SYDNEY???With Asia facing a coming glut of decommissioned jumbo jets seeking a final resting place, Australia’s vast interior desert, the Outback, is set to become home to the first large-scale aircraft graveyard outside the U.S.
Alice Springs Airport said Friday that it signed a lease agreement for a 100-hectare aircraft storage and recycling facility???big enough to accommodate up to 300 aircraft. Old jets have long ended their days in massive “boneyards” in Arizona, California and New Mexico, where they are stripped of parts for recycling. One of the largest for commercial planes is the Pinal Airpark in Arizona, which covers more than 800 hectares. Even larger spaces in Arizona and California handle military planes and spacecraft.
“The facility will provide a local alternative and deliver significant fleet efficiencies and costs savings for aircraft operators,” said Tom Vincent, managing director of developer Australia Pacific Aircraft Storage.
Asia airlines are growing at a faster rate than their European and U.S. rivals, the region having recovered at a faster rate from the global financial crisis. Boeing Co. forecasts that half of the world’s new air traffic over the next 20 years will be to, from, or within the Asia-Pacific region, and that the region’s airlines will need 10,320 new airplanes over the period. As that parade of new planes comes in, a growing number of retiring old planes will require dismantling.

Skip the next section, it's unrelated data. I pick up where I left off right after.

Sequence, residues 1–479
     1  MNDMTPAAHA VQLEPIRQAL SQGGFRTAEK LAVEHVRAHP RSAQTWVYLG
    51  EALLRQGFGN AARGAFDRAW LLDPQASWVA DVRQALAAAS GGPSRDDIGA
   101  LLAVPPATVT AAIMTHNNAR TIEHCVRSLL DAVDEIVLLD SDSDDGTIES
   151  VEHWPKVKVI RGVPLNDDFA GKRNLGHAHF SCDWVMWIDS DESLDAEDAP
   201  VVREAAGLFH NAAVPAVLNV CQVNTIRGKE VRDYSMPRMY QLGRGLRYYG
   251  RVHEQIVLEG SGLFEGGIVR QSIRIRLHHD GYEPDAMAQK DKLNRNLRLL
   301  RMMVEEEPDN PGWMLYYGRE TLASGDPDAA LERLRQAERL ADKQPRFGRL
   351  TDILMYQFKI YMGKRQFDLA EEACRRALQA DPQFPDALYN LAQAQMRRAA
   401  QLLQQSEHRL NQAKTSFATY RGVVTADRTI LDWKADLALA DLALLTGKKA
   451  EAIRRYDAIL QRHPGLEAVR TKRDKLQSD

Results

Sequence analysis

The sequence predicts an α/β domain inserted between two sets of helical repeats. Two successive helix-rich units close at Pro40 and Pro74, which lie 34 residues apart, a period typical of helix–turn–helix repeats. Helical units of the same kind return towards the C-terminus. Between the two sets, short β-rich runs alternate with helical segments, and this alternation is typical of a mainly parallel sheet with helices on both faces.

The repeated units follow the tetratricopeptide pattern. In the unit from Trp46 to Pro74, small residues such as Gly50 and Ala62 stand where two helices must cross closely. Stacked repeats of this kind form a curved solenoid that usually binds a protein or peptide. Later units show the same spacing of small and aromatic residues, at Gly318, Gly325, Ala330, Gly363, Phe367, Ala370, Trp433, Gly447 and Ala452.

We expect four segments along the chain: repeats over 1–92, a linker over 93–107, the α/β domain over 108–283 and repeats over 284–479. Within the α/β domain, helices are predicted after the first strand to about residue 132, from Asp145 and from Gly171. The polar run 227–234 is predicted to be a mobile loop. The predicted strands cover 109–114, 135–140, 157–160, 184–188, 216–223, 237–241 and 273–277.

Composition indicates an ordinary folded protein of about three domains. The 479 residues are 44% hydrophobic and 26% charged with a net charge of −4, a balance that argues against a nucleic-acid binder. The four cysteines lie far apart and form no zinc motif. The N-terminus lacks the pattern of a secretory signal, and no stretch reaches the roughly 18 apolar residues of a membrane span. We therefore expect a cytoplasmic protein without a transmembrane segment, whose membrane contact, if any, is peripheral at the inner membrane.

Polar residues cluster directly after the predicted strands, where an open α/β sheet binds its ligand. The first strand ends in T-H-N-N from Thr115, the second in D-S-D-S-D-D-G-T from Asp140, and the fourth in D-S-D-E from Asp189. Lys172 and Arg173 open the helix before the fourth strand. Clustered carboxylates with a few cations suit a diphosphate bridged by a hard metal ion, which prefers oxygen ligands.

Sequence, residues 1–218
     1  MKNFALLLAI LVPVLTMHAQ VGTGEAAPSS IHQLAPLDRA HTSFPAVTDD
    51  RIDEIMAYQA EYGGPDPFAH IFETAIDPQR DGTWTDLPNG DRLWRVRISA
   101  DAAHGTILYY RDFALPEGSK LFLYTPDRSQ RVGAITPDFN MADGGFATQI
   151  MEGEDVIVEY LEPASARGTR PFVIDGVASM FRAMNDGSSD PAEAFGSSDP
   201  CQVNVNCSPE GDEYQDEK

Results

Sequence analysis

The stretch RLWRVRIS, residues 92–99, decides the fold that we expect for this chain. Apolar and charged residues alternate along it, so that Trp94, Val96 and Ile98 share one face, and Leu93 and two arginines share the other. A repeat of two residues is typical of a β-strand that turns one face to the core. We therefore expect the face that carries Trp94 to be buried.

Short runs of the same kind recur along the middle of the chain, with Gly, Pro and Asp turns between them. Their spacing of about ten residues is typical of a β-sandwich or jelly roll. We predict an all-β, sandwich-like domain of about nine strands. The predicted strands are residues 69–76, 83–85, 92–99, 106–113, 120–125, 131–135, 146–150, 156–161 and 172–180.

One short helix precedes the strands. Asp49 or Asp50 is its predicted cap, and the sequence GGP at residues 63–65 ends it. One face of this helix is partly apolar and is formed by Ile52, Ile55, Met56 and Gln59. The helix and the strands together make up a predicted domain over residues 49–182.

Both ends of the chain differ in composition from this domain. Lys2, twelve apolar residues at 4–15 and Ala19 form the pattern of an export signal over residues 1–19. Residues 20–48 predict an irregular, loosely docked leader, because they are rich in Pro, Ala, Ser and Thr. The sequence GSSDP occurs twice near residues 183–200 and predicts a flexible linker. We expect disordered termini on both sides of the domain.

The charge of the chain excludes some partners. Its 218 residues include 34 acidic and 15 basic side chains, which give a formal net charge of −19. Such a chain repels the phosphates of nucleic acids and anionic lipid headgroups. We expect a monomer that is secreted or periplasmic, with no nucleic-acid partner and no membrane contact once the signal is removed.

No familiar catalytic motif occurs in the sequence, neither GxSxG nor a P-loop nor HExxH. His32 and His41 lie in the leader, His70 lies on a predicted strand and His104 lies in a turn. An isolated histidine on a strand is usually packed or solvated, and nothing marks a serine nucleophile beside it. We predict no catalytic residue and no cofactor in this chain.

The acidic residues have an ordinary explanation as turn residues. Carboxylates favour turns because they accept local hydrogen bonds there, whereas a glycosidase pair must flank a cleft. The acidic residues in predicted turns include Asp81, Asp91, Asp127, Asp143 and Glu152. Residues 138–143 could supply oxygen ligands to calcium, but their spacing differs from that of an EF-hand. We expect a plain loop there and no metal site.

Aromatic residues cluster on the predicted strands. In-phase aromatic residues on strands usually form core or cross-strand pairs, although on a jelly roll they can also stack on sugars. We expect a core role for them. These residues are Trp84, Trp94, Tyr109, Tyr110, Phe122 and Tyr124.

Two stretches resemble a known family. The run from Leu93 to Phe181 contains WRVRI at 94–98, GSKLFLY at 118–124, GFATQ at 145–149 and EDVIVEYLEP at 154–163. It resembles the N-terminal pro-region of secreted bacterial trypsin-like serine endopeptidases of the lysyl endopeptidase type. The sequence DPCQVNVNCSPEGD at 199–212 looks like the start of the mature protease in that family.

The Alice Springs site will also provide a temporary storage space for planes not immediately needed by carriers. Deserts, which are low in rust- and corrosion-causing moisture, are the best place for aircraft preservation.
Construction of the project’s first stage, including a taxiway and defueling pad, will begin in the second half of 2011, said Katie Cooper, the general manager for Alice Springs Airport, with a goal of finishing by year-end.
“There could be some constraints laying bitumen,” she cautioned, “just because of how hot the Alice gets.”
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Source: The Wall Street Journal (http://www.wsj.com/articles/SB10001424052702304520804576348880894197632)Accessed: 28 May 2011, 1:48pm